Sunday, July 23, 2017

Three Sisters Wilderness: Lucky Lake

South Sister
View of Lucky Lake as the trail intersects the lake.
 Lucky Lake is a beautiful mountain lake with great views of South Sister and Broken Top mountains, and it's easy to get to. In fact, the hike is just over a mile, and relatively flat the entire way. I hiked in on a weekday, looking for a quick getaway, and hopefully some fishing. The lake isn't as popular as many Three Sisters Wilderness destinations despite its beauty. Because of this (or maybe the hordes of mosquitoes) I had the lake to myself.

Camp, pre bug net.
 Campsites are concentrated on the south side of the lake. I chose the flattest spot with the best views and pitched my tarp. I was using for the first time a bug net/tarp combination. The net stops at the ground and does not have a floor. I was a bit nervous about its effectiveness pitching it in the midst of clouds of mosquitoes. But it worked great. I slept soundly, and no flying blood-suckers got in.

Why is my rod on the ground and not in my hand?
 Fishing didn't go so well. Lucky Lake's waters are crystal clear, and I didn't see a single fish of any size either in the water near shore or rising to the surface in deeper parts of the lake. I doubted that any fish were even in the lake despite what I had read online. Regardless, I spent most of the day circling the lake looking for fish and throwing out a fly absent sign of any. It basically became a day-long casting practice session. Lucky Lake isn't a very easy lake to fly fish anyway. Beaches are basically non-existent. In most places, trees grow right to the water's edge. Backcasting is nearly impossible without wading.

 Later that night I heard something big splashing in the water. From the water's edge near my camp I could see a big brown animal frolicking in the water across the lake. I couldn't tell what it was, and I kicked myself for not bringing my binoculars.

A serene morning on the lake.
After a good night's sleep, I awoke to a very quiet, peaceful lake. The water was completely still and the mountains glowed, spotlighted in the rising sun's rays. It's these moments that draw me to the woods. It's these moments that I sit up at night at home in bed thinking about.

Thursday, July 13, 2017

Gear Review: NEMO Blaze 2

The Dirt:

NEMO Blaze 2 

What is it? Two person ultralight backpacking tent

Double Walled: Yes

Freestanding: No

Comes with: Tent, fly, stakes and guyline.

Weight: 2 Ibs. (minimum trail weight)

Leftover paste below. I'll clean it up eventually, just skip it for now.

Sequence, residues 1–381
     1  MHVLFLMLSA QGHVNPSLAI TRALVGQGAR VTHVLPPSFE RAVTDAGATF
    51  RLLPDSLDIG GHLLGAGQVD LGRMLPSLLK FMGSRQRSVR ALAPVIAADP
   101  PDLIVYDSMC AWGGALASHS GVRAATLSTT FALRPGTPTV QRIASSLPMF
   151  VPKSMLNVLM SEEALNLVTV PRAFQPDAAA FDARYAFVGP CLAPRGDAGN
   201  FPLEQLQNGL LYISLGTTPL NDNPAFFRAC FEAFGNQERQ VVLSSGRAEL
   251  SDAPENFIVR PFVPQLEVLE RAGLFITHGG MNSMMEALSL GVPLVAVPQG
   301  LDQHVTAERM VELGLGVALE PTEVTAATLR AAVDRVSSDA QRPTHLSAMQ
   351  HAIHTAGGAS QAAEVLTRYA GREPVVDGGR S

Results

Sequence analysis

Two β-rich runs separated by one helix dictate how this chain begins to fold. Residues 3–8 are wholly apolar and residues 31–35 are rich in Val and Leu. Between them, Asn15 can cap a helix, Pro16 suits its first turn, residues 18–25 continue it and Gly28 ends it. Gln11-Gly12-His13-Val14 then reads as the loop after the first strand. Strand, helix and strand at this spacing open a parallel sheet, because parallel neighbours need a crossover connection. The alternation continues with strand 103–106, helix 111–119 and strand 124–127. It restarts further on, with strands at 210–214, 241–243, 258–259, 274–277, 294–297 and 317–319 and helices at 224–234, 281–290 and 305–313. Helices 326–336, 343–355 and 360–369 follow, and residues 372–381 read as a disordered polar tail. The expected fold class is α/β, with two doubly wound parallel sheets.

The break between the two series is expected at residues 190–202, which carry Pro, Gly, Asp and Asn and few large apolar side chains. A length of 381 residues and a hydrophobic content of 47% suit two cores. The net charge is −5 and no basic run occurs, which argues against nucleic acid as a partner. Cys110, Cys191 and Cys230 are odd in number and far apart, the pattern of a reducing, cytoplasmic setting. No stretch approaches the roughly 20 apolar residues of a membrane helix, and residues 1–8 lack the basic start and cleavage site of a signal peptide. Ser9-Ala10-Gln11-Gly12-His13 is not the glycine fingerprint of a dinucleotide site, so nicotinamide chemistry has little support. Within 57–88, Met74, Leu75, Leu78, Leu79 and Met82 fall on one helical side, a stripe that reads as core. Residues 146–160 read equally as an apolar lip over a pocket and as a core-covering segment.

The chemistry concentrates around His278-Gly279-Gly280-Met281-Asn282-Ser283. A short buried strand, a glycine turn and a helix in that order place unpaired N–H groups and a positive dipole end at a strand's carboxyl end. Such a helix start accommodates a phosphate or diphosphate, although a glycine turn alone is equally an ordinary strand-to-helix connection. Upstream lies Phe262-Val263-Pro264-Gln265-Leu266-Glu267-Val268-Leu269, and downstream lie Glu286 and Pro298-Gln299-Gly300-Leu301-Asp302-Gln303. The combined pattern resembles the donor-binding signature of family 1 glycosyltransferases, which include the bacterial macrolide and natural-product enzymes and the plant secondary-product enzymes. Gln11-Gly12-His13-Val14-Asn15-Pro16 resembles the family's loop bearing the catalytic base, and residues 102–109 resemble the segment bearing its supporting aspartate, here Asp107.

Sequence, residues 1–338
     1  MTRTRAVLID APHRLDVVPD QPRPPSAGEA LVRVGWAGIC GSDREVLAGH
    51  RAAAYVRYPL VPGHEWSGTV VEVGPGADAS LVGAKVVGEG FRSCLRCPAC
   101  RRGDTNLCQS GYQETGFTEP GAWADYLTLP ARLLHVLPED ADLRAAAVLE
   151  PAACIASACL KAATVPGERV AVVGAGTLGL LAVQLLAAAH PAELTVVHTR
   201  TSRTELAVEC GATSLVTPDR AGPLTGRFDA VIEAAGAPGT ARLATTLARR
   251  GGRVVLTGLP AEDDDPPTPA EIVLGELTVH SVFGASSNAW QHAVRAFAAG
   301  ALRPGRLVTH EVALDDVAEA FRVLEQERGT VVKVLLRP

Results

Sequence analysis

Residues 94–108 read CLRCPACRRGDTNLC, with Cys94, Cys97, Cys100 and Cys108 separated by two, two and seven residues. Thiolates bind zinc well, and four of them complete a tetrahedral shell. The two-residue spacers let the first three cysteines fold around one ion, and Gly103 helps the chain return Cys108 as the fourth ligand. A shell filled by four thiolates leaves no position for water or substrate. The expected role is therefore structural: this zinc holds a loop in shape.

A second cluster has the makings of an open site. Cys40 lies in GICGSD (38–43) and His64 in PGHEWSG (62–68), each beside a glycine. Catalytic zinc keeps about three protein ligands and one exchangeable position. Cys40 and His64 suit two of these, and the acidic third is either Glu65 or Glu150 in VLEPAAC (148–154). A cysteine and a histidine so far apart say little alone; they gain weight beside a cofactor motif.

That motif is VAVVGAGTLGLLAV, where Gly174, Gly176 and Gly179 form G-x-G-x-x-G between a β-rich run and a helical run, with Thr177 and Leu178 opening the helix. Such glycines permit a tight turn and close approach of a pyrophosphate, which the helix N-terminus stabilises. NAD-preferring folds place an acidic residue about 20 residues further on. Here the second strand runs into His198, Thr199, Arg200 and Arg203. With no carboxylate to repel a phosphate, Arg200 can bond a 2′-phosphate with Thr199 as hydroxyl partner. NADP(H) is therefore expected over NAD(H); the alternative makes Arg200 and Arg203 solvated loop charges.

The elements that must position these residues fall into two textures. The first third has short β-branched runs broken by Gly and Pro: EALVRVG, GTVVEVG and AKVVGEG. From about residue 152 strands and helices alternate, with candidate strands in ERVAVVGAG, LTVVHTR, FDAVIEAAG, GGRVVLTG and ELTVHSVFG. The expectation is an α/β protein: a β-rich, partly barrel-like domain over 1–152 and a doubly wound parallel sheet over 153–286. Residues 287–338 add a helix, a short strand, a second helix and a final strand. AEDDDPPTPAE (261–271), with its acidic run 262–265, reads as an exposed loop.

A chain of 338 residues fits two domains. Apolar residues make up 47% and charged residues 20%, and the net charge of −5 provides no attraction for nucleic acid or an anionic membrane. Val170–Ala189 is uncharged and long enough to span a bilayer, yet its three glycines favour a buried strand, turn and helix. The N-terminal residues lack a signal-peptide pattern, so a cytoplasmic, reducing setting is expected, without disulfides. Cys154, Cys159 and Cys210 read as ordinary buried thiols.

Size: Floor 85"x 50". Height 40". Area 30 square feet.

Materials: Mesh. Floor 15D ripstop sil/PU Nylon. Fly and vestibule 10D sil/PU.

The NEMO Blaze 2 is a spacious, two person, double-walled, ultralight tent that separates itself from the pack with sheer livability. Unlike almost all other two person double-walled tents (that I know of) at 2 pounds or below, the Blaze 2 has two doors and a true dome design, bucking the current trend for tents in this category like the ever popular Big Agnes Fly Creek 2 with the single door teardrop shape. The Blaze 2 is a true ultralight double-doored dome.

Three Sisters
In Three Sisters Wilderness
NEMO accomplished this light weight dome very simply. They eliminated one pole of the classic 2-cross pole design. Yes, the Blaze has only one structural pole that runs from one corner to its opposite, and as such is NOT freestanding. They also added a small center pole that stretches the width of the tent and connects the top of both doors. This allows for vertical side walls and gives the Blaze its unparalleled livability. It also makes for a goofy looking pitch. As you can see from the photo below, the corners absent pole-to-ground contact are raised off the ground pretty significantly. I've  pitched this tent dozens of times and so far have not found a solution, however, I have not seen any drawback created by it. Lastly, the other big change from the run-of-the-mill is the shortened rainfly, which relies on the higher bathtub floor on both ends to keep out rain.

Without the fly. Note the corners,

All these innovations may seem daunting to the traditionalist, but after over a year of regular use I'm impressed. It packs so small. I don't feel guilty taking it on solo trips when the expected weather scares me away from my tarp. When I'm backpacking with my girlfriend, who doesn't do minimalist, the weight is a non-issue. We don't have to split anything up, and she's happy in camp. She's happy with the inside space and she loves having her own door. Let's face it, most 2-person backpacking tents are small, but the ultralight versions are coffins. Some ultralight 2-person tents have no business calling their tent "two person". The NEMO Blaze is not one of those tents. It's made for two, no doubt.

The Blaze can handle the weather too. I've had it in wind on Mt. Lemon, and rain in the Oregon Badlands. It's sturdy and watertight. My only real gripe is the color. I know that sounds weird but hear me out. Bright yellow attracts bees! No joke. It's like they think it's a giant California Poppy or something. If bees are around, they will come when you pitch this tent. Not that big of a deal unless you're allergic, or tenting in Africanized bee territory, like the Sanoron Desert... But then again, if you're in the Sanoron Desert, why are you pitching the fly anyway?

Oregon Badlands
In the Badlands
Overall, I'm super stoked on the Blaze 2. If you want a comfortable, ultralight tent for two, this is your tent. It's got all the conveniences of heavier tents in such a small, light package. I would recommend it particularly if you are actually backpacking with a partner and don't want to trade comfort for weight. It's also perfect for the backpacker who only wants one tent for everything. It's roomy enough for two but light enough for one. It's sturdy and dependable, and the quality is typical NEMO top-notch. The biggest drawback is that you might have to sell a kidney to pay for one.